We’ve all been there. That “non-disruptive” maintenance window that should “only be a blip”. You sit down at the terminal at 10pm expecting that adding a new server to the MLAG domain or upgrading a single switch will be a simple process, only to lose the rack of dual-attached servers and spend the rest of your Thursday night frantically trying to bring the cluster back online.

If I never spend another evening troubleshooting an outage caused by MLAG, I’ll die happy!

While MLAG provides higher availability than single attaching or a creating multi-port bond to a single switch, it comes with the cost of a delicate balancing act. What if there was a way to provide redundancy without MLAG’s fragility and its risk to maintenance windows?

We at Cumulus Networks have seen many of our customers solve these problems by leveraging Cumulus Quagga, our enhanced version of the routing suite, on their server hosts, so we’ve decided to call it Routing on the Host and make it broadly available for download.

By leveraging the routing protocols OSPF or BGP all the way to the server, we can resolve that MLAG problem once and for all.


Over the last five years, data centers have evolved to deploy more routing and less bridging. In the early days of data center architecture, we routed down to a pair of aggregation switches, with a large layer 2 domain below it. Then the network evolved to include routing to the top of rack switches, where a local MLAG pair acted as the means to connect to the rack of servers below. Because routing limits loops and broadcasts while allowing for equal cost multipath (ECMP) for all-active link utilization, Routing on the Host lets you finally realize these advantages all the way to the server and start looking at more resilient networks running at higher speeds.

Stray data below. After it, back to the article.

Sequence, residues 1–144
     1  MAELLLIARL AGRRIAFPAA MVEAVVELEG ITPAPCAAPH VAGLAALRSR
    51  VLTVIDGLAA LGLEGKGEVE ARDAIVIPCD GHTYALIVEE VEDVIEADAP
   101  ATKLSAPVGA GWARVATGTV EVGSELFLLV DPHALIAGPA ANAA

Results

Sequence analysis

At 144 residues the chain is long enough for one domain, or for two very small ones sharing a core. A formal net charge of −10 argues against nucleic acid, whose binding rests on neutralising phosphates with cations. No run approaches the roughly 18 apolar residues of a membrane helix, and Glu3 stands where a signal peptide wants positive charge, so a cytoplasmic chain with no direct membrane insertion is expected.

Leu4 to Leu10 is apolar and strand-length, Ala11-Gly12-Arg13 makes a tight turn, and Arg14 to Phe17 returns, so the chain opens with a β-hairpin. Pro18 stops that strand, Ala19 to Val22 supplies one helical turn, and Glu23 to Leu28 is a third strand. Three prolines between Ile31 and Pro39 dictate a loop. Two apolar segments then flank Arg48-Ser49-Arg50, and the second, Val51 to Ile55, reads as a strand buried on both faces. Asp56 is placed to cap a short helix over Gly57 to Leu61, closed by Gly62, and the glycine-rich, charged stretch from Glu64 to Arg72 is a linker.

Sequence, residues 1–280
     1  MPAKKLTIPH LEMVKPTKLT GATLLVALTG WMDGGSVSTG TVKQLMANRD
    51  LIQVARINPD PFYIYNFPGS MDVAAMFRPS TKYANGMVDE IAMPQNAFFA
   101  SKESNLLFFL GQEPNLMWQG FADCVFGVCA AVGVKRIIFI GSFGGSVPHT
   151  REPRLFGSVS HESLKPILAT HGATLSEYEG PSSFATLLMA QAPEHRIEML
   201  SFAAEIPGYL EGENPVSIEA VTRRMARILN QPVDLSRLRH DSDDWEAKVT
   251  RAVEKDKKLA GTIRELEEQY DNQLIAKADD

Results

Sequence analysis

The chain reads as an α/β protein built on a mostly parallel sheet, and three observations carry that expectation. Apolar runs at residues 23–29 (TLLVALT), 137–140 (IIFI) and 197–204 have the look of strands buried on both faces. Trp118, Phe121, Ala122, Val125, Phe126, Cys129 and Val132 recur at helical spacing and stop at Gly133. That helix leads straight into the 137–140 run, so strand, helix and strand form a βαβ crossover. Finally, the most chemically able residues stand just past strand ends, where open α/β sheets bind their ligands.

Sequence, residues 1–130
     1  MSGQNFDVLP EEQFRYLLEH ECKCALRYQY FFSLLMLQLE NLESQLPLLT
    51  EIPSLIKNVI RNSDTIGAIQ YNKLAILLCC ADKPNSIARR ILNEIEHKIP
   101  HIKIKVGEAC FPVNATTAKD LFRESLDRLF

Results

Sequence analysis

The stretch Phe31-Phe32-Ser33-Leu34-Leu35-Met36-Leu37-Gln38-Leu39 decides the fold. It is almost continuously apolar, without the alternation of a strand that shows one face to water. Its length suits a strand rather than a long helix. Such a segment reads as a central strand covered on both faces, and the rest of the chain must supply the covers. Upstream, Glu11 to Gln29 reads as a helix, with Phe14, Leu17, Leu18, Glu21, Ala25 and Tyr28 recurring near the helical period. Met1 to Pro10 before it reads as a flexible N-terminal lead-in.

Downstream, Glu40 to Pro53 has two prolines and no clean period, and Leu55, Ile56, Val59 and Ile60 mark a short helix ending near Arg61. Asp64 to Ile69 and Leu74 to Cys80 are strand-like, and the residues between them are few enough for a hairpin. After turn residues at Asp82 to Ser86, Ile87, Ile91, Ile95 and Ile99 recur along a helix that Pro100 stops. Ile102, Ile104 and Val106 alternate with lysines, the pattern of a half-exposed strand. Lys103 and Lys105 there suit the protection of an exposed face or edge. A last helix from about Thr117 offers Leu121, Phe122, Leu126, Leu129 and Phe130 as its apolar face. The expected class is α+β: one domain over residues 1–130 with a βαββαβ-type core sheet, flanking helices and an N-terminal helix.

With Routing on the Host, you can use ECMP for high I/O workloads, like Ceph storage or Apache Spark; you can connect servers to more than two top of rack switches and share them all equally.



For clustered solutions, like Ceph storage, the loss of a rack of servers due to an MLAG issue can have a major impact on the network as the cluster must replicate and rebalance all of the data that was just temporarily lost. The added network stability from Routing on the Host can prevent these small outages that have a massive impact.

When it’s 10pm on Thursday and it’s time to execute maintenance, Routing on the Host allows for zero packet loss due to network changes and upgrades. You can change the OSPF link metric or BGP AS Path on the top of rack switch that is about to undergo maintenance, gracefully removing it from the data path. This signals the server to send traffic to other attached top of rack switches. Once all traffic has routed around the switch undergoing maintenance, you can execute the software upgrades or configuration changes. You can even try this yourself with a demo I made in Cumulus VX.


Finally, Routing on the Host provides a superior network design for bare metal and containers. By relying on OSPF or BGP unnumbered, a server can easily connect anywhere in the data center and advertise IP addresses for itself or containers. With containers, you can use Routing on the Host to advertise the overlay endpoint and allow Docker networking or a networking plugin to dynamically build overlays.

Running Cumulus Quagga directly to a server provides real benefits in a simple manner. Never again do you have to worry about MLAG maintenance taking down your environment or a server administrator confusing server bridge and bond configurations, causing a catastrophic bridging loop. Service providers and web scale companies have relied on entirely routed environments to provide the highest scalability and reliability in their networks.

Routing on the Host is a way to get this same power and flexibility throughout the entire data center.

Download Cumulus Quagga and start your journey of independence from late night troubleshooting and L2 data centers!